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"O lady, he is dead and gone, Lady, he's dead and gone! At his head a green grass turf, And at his heels a stone.

"Within these holy cloisters long He languished, and he died Lamenting of a lady's love, And 'plaining of her pride.

"Here bore him barefaced on his bier Six proper youths and tall; And many a tear bedewed his grave Within yon kirkyard wall."

"And art thou dead, thou gentle youth?

And art thou dead and gone? And didst thou die for love of me?

Break, cruel heart of stone!"

"O, weep not, lady, weep not so!Some ghostly comfort seek; Let not vain sorrow rive thy heart, Nor tears bedew thy cheek."

"O, do not, do not, holy friar,

My sorrow now reprove!
For I have lost the sweetest youth

That e'er won lady's love.

"And now, alas! for thy sad loss I '11 evermore weep and sigh; For thee I only wished to live, For thee I wished to die."

266 THE FRIAR OF ORDERS GRAY.

"Weep no more, lady, weep no more;

Thy sorrow is in vain;
For violets plucked the sweetest showers

Will ne'er make grow again.

"Our joys as winged dreams do fly;

Why, then, should sorrow last?
Since grief but aggravates thy loss, Grieve not for what is past."

"O, say not so, thou holy friar;

I pray thee, say not so!
For since my truelove died for me,

'T is meet my tears should flow."

"Sigh no more, lady, sigh no more,

Men were deceivers ever;
One foot on sea and one on land,

To one thing constant never."

"Now say not so, thou holy friar,

I pray thee, say not so;
My love he had the truest heart;

O, he was ever true!

"And art thou dead, thou much loved youth?

And didst thou die for me?
Then farewell, home; for evermore

A pilgrim I will be.

"But first upon my truelove's grave

My weary limbs I '11 lay;
And thrice I '11 kiss the green grass turf

That wraps his breathless clay."

"Yet stay, fair lady, rest awhile

Beneath this cloister wall; The cold wind through the hawthorn blows, And drizzly rain doth fall."

"O, stay me not, thou holy friar,

O, stay me not, I pray!
No drizzly rain that falls on me

Can wash my fault away."

"Yet stay, fair lady, turn again,

And dry those pearly tears;
For see, beneath this gown of gray,

Thy own truelove appears!

"Here, forced by grief and hopeless love, These holy weeds I sought, — And here, amid these lonely walls, To end my days I thought.

"But haply, — for my year of grace

Is not yet passed away,— Might I still hope to win thy love,

No longer would I stay."

"Now farewell grief, and welcome joy

Once more unto my heart;
For since I've found thee, lovely youth,

We never more will part."

268 TO THE MEMORY OF ISABEL SOUTHEY.

SONNET ON HIS BLINDNESS. — Milton.

When I consider how my light is spent

Ere half my days, in this dark world and wide,

And that one talent which is death to hide

Lodged with me useless (though my soul more bent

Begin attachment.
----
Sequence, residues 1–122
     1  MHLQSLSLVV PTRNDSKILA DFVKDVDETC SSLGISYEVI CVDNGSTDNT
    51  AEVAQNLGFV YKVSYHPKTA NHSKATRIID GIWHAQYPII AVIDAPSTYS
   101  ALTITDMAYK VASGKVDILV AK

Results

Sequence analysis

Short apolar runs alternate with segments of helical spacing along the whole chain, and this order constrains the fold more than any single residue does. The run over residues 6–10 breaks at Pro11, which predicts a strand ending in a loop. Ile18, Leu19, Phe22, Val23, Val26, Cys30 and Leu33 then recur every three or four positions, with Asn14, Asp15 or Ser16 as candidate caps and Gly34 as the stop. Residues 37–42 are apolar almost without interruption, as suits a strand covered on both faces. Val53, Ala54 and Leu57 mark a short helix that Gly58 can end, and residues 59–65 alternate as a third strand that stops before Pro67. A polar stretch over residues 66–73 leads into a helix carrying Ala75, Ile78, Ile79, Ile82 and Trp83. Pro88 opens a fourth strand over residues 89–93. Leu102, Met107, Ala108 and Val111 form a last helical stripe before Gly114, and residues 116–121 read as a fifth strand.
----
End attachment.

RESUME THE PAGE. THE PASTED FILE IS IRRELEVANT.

To serve therewith my Maker, and present ,

My true account, lest he returning chide),

"Doth God exact day-labor, light denied?"

I fondly ask. But Patience, to prevent

That murmur, soon replies, " God doth not need

Either man's work or his own gifts; who best

Bear his mild yoke, they serve him best: his state

Is kingly; thousands at his bidding speed,

And post o'er land and ocean without rest:

They also serve who only stand and wait."

TO THE MEMORY OF ISABEL SOUTHEY.— Mrs. Southey.

9T is ever thus, — 't is ever thus, when Hope hath built a bower

Like that of Eden, wreathed about with every thornless flower,

To dwell therein securely, the self-deceiver's trust, A whirlwind from the desert comes, and "all is in the dust."

'Tis ever thus, — 't is ever thus, that, when the poor heart clings With all its finest tendrils, with all its flexile rings,

That goodly thing it cleaveth to, so fondly and so fast, Is struck to earth by lightning, or shattered by the blast.

'T is ever thus, — 't is ever thus, with beams of mortal bliss, With looks too bright and beautiful for such a world as this;One moment round about us their angel lightnings P^y,

Then down the veil of darkness drops, and all hath passed away.

'T is ever thus, —91 is ever thus, with sounds too

sweet for earth,— Seraphic sounds, that float away (borne heavenward)

in their birth; The golden shell is broken, the silver chord is mute, The sweet bells all are silent, and hushed the lovely

lute.

'T is ever thus, — 't is ever thus, with all that 9s best

below, The dearest, noblest, loveliest, are always first to go; The bird that sings the sweetest, the pine that crowns the rock, The glory of the garden, the flower of the flock.

'T is ever thus, — 't is ever thus, with creatures

heavenly fair, Too finely framed to 'bide the brunt rrore earthly

creatures bear; A. little while they dwell with us, blest ministers of

love, Then spread the wings we had not seen, and seek

theh home above.

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